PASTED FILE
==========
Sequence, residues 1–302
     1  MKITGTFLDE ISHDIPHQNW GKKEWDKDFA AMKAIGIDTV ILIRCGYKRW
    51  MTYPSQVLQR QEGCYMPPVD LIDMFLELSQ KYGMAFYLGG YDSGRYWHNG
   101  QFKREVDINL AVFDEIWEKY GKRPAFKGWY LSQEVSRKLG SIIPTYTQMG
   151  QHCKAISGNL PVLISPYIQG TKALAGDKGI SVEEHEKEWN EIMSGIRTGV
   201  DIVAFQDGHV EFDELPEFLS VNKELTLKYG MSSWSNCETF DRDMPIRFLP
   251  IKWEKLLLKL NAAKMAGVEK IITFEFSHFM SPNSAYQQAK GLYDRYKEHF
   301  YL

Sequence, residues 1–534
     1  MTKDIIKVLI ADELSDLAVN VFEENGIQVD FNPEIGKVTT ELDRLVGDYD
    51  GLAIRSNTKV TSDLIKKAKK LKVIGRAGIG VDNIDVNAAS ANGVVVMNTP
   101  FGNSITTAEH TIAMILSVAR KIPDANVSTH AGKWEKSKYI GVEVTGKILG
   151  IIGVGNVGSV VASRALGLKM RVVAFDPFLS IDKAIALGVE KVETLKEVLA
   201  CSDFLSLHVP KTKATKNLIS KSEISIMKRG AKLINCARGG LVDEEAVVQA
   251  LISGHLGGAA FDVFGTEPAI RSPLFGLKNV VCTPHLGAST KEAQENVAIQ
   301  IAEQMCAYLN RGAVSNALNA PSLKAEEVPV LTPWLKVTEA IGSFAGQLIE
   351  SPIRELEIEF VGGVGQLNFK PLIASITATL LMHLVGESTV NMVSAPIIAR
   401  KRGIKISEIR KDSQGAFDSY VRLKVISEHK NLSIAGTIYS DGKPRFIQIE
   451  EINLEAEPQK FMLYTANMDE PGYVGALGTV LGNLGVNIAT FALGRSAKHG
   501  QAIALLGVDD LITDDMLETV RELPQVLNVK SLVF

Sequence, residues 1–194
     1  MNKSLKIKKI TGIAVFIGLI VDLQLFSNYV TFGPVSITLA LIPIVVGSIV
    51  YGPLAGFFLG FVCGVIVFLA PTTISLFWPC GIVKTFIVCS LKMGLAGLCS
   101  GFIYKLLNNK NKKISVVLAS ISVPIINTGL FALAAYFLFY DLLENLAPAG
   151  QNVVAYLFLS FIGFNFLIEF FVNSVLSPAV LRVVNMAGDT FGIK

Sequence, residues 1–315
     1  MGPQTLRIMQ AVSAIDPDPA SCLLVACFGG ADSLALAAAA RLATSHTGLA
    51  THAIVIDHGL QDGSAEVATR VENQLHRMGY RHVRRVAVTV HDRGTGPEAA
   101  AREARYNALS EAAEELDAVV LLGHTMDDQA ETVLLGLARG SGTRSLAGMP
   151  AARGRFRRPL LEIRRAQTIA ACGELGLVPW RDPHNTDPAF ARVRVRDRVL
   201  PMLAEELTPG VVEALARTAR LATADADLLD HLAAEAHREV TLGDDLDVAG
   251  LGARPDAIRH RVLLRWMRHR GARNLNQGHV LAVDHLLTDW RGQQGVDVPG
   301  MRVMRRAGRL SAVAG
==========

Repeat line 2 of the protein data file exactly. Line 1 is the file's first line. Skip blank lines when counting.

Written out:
     1  MKITGTFLDE ISHDIPHQNW GKKEWDKDFA AMKAIGIDTV ILIRCGYKRW